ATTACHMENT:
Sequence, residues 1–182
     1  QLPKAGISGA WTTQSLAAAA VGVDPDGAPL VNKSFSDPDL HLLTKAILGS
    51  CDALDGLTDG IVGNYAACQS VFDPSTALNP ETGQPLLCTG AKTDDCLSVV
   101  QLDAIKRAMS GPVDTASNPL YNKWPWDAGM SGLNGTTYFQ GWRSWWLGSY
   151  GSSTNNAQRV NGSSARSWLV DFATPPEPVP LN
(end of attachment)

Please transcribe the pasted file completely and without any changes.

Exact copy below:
Sequence, residues 1–182
     1  QLPKAGISGA WTTQSLAAAA VGVDPDGAPL VNKSFSDPDL HLLTKAILGS
    51  CDALDGLTDG IVGNYAACQS VFDPSTALNP ETGQPLLCTG AKTDDCLSVV
   101  QLDAIKRAMS GPVDTASNPL YNKWPWDAGM SGLNGTTYFQ GWRSWWLGSY
   151  GSSTNNAQRV NGSSARSWLV DFATPPEPVP LN